hide You are viewing an archived web page, collected at the request of University of Alberta using Archive-It. This page was captured on 16:44:42 Dec 08, 2010, and is part of the HCF Alberta Online Encyclopedia collection. The information on this web page may be out of date. See All versions of this archived page. Loading media information

a b c d e f g h i j k l m n o p q r s t u v w x y z

Short-horned Lizard

Horned lizards are small, well-camouflaged reptiles, which are common in arid regions of western North America. The subspecies found in Alberta is the Eastern Short-horned Lizard (Phrynosoma douglassii brevirostre), which, at the northern extreme of its distribution, ranges into the southeastern corner of the province. In the past, little was known about Eastern Short-horned Lizards in Alberta. Earlier status reviews had described the species as threatened or had placed it on the provincial Red List. The most recent provincial review of the status of Alberta wildlife has assigned the Eastern Short-horned Lizard to the Blue List of species that may be at risk in the province.

As lizards go, horned lizards are very atypical. Rather than running, or seeking refuge in burrows from predators, horned lizards generally refrain from movement, even when approached. These lizards use Camouflage to avoid and escape their predators, and their mottled, sandy colouration and spiny skin blends in very well with the dry substrates they inhabit.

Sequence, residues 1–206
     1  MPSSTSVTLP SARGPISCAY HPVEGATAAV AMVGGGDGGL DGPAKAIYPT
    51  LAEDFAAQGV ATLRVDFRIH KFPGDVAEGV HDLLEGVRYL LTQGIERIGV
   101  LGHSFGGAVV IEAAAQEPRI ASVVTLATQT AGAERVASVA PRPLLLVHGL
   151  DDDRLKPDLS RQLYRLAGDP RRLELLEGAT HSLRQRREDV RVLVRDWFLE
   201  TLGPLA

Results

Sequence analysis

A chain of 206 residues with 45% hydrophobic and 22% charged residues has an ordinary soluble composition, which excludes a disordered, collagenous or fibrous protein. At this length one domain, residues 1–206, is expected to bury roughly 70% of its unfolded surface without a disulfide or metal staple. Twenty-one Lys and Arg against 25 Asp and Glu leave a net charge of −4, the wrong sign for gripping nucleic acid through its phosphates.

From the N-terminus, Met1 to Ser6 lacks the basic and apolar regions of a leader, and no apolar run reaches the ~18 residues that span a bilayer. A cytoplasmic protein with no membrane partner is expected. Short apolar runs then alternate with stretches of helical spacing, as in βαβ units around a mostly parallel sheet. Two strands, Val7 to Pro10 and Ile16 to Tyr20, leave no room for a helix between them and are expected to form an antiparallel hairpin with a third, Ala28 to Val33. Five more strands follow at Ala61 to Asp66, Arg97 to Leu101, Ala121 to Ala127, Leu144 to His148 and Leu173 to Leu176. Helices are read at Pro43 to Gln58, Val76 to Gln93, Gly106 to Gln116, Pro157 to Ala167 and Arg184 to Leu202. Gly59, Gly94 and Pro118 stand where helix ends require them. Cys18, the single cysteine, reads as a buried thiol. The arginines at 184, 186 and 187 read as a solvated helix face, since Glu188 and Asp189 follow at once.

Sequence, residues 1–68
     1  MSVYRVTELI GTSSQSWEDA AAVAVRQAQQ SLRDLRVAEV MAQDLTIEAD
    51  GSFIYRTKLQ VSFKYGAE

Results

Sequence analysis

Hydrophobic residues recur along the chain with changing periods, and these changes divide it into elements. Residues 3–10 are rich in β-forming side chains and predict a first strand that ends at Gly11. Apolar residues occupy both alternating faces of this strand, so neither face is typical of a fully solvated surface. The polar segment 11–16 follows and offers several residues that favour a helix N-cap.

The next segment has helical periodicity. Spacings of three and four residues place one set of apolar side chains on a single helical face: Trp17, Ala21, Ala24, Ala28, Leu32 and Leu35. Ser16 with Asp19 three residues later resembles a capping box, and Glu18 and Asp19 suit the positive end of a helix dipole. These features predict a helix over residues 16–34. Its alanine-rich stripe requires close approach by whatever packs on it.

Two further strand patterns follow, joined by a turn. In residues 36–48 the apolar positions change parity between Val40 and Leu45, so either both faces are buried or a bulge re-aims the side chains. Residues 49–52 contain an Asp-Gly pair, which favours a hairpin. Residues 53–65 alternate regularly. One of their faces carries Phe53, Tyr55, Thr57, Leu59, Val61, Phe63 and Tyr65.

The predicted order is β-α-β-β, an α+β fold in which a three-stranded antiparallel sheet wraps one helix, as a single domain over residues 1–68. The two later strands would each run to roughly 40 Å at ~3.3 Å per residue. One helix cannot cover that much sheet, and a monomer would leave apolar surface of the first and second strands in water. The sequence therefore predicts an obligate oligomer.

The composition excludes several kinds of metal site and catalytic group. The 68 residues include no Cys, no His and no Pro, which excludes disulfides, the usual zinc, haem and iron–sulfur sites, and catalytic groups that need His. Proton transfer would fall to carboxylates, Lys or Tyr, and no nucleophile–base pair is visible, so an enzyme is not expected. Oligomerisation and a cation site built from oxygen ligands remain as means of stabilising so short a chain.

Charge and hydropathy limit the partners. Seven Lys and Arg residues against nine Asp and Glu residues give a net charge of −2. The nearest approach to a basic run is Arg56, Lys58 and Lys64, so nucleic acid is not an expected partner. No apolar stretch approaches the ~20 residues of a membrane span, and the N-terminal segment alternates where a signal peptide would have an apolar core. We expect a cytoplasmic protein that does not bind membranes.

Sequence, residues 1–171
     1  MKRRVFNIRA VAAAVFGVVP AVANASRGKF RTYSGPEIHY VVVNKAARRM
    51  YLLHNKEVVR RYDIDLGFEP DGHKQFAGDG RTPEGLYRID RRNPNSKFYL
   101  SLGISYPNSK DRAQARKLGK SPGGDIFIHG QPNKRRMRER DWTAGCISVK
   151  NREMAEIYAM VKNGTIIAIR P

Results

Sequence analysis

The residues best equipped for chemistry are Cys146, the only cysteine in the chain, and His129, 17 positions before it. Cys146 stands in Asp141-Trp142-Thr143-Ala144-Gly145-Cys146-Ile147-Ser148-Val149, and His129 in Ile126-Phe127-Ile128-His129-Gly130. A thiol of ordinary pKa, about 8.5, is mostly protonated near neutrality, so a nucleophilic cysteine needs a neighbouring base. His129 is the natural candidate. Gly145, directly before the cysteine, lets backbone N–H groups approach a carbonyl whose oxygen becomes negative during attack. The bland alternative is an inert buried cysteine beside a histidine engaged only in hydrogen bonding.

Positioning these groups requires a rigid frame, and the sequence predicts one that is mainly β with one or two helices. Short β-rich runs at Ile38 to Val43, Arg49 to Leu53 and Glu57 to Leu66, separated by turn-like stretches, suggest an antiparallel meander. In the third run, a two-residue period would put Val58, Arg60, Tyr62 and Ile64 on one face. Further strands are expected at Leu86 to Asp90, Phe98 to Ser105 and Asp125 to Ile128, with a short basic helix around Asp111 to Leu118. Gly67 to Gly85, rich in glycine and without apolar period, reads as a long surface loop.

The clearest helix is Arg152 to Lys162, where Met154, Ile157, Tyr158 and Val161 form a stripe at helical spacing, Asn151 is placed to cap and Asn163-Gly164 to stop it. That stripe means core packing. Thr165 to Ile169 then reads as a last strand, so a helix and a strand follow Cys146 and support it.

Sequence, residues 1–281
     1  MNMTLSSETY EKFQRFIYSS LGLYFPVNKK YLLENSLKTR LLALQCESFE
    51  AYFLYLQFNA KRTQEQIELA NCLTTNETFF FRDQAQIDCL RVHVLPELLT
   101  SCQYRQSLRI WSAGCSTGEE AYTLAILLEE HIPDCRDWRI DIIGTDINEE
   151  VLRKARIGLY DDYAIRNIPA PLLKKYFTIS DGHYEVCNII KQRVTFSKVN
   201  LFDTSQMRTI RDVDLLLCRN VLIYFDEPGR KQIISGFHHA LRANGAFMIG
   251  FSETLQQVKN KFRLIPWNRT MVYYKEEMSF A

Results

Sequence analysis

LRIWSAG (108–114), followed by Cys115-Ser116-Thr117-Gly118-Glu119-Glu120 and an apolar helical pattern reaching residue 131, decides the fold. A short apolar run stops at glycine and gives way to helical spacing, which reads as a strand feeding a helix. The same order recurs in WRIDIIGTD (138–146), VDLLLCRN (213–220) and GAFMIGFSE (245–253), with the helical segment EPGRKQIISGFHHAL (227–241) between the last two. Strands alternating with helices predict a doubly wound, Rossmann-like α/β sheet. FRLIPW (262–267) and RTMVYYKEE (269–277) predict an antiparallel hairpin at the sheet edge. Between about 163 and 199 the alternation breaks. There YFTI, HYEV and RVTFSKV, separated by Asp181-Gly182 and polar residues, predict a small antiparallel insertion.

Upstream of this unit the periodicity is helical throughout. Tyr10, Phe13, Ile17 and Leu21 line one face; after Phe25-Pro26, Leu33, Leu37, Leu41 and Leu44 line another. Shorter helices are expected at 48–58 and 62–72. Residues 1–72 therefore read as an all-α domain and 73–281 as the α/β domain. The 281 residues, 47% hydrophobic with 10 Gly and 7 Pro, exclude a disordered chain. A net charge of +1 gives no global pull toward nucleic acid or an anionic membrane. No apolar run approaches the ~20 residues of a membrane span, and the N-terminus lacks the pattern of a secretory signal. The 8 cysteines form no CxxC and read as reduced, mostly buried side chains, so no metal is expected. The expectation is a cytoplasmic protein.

Phrynosomes are sit-and-wait predators, dashing out and nabbing their prey as it wanders within range. Most phrynosomes consume primarily ants, and have specialized teeth and a large stomach capacity for the digestion of this highly chitinous food item. Horned lizards are round and flat in body shape, with sharp, spiked skin and short legs. This unusual lizard body form renders them rather slow and cumbersome in movement, which likely helped gain them the name "horned toad".

Eastern Short-horned lizards in Alberta are relatively small creatures, with the average adult female weighing about 18 grams and having an average snout-vent length of approximately 70 millimeters. Adult males are considerably smaller, with an average snout-vent length of around 50 millimeters and weight of approximately 10 grams.

Horned lizards move between heat sources and heat sinks to control their internal body temperature within a preferred range, a characteristic behaviour among lizards known as shuttling. These lizards often bask in direct sunlight (heliothermy) in order to increase body temperature. They may flatten the body (by extending the ribs), adjust their position, orientation, and tilt to increase surface area exposed to incident radiation. Thigmothermy, or the gaining of heat from an object (such as a rock) has also been observed in these lizards. To cool down,individuals may seek shade, alter their orientation, narrow the body profile,and may even burrow in the substrate.

Short-horned Lizard

Short-horned Lizard